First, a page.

Nothing has changed, but everything has changed.
The family I had always dreamed of is sitting before me. What has changed is my possibilities.
This apron could be seen as an emblem of servitude. But now I see it as an emblem of my possibility as a teacher. I see it as an emblem of sacrifice, which I believe is synonymous with personal progression. An emblem of influence, influence that is not elevating self, but elevating others.
What I create, what I declare, is that I am a mother. A shaper of human souls. A partner with my husband. Teaching them to be hard working, loving, self-sacrificing individuals.
There is a very old paradox that says that only by losing oneself, can one find oneself. I am privileged and honored to be part of a chain of service, sacrifice, and love.
I am so glad that there is a place at Sunstone for stay-at-home moms.
I am an unlikely homemaker.
When I got married, had been working as a technical writer for three years, no intentions of quitting. Husband had 4 children from previous marriage.
Had my first child, and spent 2 glorious weeks with her. Never put her down. After I went back to work, I longed to be back with her. I romanticized the stay-at-home life.
My company reorganized, and my husband received a significant raise, so I decided to be at home. I had no idea what I was in for.
My daughter began complaining that she was missing daycare!
We had three more kids, for a total of 8. 6 currently at home.
I stink at being a stay at home mom. My friends achieve so much, keep a tight ship, and I am simply not cut out for it. Disorganized, indecisive, I spend hours doing things that should take minutes. My strategy is to go on outings so that we don’t have to clean.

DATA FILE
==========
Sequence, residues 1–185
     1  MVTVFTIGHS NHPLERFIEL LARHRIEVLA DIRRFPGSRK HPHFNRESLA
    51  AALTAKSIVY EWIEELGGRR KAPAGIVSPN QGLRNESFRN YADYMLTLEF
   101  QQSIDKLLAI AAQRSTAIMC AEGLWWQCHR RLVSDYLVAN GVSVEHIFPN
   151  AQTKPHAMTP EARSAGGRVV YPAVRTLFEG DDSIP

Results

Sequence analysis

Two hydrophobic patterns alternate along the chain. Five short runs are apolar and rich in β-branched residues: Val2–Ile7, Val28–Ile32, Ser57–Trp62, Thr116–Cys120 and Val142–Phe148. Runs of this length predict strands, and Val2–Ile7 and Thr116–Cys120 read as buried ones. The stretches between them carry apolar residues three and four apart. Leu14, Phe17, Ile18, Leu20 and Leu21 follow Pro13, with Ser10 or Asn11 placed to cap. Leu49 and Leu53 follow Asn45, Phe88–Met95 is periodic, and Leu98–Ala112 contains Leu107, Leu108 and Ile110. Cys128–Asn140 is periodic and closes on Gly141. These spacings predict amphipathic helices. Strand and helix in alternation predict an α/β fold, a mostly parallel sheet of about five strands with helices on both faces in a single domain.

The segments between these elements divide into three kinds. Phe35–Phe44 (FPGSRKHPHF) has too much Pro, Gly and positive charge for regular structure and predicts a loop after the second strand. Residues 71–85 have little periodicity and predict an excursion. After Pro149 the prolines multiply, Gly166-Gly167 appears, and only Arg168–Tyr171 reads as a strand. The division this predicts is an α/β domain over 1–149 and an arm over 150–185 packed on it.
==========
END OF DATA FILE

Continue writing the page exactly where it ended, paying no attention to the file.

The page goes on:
I love this experience. Parenting for me is nothing short of magical. I am blessed and fortunate to rear these wonderful people.
It also has its ugly side. Sometimes I just want somebody to high-five me for folding that sixth load of laundry. But what kind of accomplishment is that?
In the working world, simple recognition is validation. But at home, I wonder if my tree is falling in the woods, without making a sound.
Many of us feel demoralized, and I feel that often.
But it is a moral imperative to ensure that our children’s needs are met. How we do that is a very personal, but very public decision.
There is tension between women who stay at home, and those who choose to work.
There is a tragedy in the emphasis of the difference in the roles between fathers and mothers in the church. I feel that oftentimes men in the church are denied the wonderful relationships and experiences that I get to experience.
I volunteer for the Guardian ad litem, and I see firsthand the pain in those children who are neglected by parents. As parents, it is not beneath us to cater to our children, and it is not appropriate to put our social needs above their needs.
I have a very short time with my children.
But I want my working sisters, my single sisters, and my childless sisters to know that I respect them and their choices. In a perfect world, things would be easier, but in this world we all must make the best decisions we can.
I look at all of the resources and books, trying to make us feel better about ourselves. But they are like the instruction to paint a smile on with lipstick, and eventually you will feel happy.